A string of delayed and failed deals left investors frustrated as they began the week keen for M&A news.
Shares in small cap Connect Group, formerly Smiths News until its rebrand in 2014, were smashed after its disposal of its books division to German investment company Aurelius Equity Opportunities hit the skids.
Despite being given the green light by the German Federal Cartel Office, Aurelius yesterday wrote to Connect stating that it “can no longer complete on the current terms as we, the directors of Aurelius, can see no way of financing this transaction”.
Shareholders ran for the hills, following Connect’s statement saying a legal battle could ensue.
The firm said: “Connect has sought urgently to clarify Aurelius’ position, including the legal basis upon which it purports not to complete on the transaction, and we have reiterated in writing that Aurelius is legally obliged to complete the transaction on or before January 31.”
To make matters worse, annual revenues declined to £564.5 million from £584.9 million the year before.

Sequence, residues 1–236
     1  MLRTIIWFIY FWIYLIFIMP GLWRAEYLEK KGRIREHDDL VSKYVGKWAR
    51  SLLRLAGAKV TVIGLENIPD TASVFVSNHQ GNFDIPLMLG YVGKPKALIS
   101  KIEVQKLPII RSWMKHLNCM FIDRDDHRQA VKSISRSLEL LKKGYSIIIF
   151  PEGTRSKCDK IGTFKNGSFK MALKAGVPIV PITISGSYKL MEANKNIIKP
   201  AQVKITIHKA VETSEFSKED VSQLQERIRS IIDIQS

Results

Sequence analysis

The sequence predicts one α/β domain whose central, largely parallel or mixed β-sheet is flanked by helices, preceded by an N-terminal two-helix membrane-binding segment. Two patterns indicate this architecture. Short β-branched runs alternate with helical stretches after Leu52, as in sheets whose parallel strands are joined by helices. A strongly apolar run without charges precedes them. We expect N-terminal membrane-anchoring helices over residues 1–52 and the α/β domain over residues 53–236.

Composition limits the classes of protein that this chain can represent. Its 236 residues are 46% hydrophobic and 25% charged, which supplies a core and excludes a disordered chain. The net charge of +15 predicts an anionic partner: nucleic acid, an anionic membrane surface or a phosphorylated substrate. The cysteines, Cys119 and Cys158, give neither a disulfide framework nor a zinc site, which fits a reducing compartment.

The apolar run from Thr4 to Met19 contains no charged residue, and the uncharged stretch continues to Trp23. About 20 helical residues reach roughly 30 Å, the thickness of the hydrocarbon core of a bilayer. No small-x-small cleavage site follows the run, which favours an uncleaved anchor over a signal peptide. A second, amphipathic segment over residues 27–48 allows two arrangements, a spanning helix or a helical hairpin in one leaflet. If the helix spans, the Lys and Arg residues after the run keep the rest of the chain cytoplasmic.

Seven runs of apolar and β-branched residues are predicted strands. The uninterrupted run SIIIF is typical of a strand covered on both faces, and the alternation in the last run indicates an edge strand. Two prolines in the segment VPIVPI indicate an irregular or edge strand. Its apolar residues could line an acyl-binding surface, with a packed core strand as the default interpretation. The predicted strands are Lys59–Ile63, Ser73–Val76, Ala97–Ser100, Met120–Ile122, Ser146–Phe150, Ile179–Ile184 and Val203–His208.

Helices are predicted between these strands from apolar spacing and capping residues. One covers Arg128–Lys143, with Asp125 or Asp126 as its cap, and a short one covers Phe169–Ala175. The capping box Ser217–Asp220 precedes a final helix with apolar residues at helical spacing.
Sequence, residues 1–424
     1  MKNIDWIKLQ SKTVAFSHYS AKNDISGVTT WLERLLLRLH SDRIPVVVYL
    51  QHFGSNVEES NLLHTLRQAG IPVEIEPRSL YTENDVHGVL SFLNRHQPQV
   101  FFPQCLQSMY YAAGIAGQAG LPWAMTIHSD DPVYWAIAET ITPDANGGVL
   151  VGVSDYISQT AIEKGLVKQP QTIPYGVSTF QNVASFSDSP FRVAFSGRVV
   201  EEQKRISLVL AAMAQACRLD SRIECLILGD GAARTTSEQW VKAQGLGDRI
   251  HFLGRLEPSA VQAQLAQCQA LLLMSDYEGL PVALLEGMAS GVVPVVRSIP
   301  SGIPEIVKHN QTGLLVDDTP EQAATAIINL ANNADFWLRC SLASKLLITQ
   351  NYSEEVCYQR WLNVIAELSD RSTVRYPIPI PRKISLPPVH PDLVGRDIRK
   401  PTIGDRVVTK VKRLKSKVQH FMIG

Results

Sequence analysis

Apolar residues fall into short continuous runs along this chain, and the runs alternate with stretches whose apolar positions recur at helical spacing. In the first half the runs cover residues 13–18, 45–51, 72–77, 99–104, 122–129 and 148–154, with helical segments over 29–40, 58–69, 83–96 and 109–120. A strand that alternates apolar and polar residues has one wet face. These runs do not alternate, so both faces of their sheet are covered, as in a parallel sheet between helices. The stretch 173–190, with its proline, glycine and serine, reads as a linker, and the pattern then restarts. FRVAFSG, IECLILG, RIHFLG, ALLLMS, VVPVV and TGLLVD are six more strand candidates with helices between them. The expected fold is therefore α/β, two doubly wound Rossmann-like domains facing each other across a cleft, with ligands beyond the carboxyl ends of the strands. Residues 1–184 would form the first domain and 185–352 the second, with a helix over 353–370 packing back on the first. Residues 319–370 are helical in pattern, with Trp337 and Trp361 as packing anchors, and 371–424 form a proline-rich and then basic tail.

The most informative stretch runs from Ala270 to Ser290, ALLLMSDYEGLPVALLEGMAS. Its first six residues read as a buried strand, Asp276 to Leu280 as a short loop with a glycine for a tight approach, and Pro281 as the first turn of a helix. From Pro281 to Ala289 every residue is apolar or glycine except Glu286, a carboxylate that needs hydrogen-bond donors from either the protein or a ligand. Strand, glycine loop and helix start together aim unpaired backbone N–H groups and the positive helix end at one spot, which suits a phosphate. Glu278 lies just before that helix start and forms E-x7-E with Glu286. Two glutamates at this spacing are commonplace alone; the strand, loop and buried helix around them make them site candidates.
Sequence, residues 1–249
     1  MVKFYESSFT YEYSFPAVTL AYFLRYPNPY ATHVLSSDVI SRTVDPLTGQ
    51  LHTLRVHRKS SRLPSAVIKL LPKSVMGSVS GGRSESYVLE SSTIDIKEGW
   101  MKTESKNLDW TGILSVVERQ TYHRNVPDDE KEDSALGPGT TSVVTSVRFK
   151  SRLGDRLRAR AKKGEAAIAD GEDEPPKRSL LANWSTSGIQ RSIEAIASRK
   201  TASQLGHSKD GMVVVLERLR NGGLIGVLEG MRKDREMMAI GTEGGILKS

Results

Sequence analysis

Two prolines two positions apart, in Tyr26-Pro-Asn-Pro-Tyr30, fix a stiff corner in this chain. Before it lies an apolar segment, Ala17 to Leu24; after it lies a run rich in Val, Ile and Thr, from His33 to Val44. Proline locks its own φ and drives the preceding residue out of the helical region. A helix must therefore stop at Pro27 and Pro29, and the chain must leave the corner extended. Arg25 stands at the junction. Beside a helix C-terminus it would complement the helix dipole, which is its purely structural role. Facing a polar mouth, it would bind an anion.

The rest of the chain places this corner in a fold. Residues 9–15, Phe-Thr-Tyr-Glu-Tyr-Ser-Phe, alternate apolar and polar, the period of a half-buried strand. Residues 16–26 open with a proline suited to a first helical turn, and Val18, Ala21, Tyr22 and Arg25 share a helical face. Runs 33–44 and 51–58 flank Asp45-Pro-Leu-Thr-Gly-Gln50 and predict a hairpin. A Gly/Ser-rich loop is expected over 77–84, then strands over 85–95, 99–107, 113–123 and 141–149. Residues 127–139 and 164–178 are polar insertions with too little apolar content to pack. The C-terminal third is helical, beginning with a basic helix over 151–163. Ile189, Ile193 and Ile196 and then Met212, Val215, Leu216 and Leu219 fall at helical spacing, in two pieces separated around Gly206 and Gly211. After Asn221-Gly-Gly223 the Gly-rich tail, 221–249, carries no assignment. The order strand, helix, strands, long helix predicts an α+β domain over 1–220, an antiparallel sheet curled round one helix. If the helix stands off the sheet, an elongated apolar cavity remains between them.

Shares were down 30.6p at 75p, with analysts at Berenberg duly cutting the firm’s price target.
In further frustration for investors IWG, the office renter formerly known as Regus, said its talks with Brookfield Asset Management over the weekend over a possible sale had been delayed.
Brookfield, the Canadian private equity investor, had until Saturday night to make an offer, but the Takeover Panel agreed to put the date back to 5pm on February 2.
But it is understood that IWG’s largest shareholder and founder Mark Dixon does back the sale, sending shares up 5.9p at 272.6p as investors bet that the deal will happen.
Meanwhile AIM-listed Fever-Tree saw its shares rise 107p at 2,491p after speculation continued that Unilever could buy the posh tonic firm. Fever-Tree has not commented.
Elsewhere the FTSE 100 was in a bit of a slumber, unmoved and up just 4.20 points at 7735.10.
Barclays was making gains on reports that US hedge fund Tiger Global has invested more than $1 billion in the British bank in a bet that backs chief executive Jes Staley’s turnaround plans.
Tiger snapped up its 2.5% stake when the bank’s shares slumped to a 52-week low of less than 180p in November.
Shares this session gained 3.5p at 203.8p, but its peer Royal Bank of Scotland fell 2.3p at 295.1p and HSBC lost 4.3p at 784.1p.
Finally, Sainsbury’s received a less than glowing report from brokers at Credit Suisse, who believe its core grocery operations are under threat and that the acquisition of Argos, bought for £1.4 billion in 2014, has yet to bear fruit.
Investors shrugged the report off and shares were little changed at 257.7p.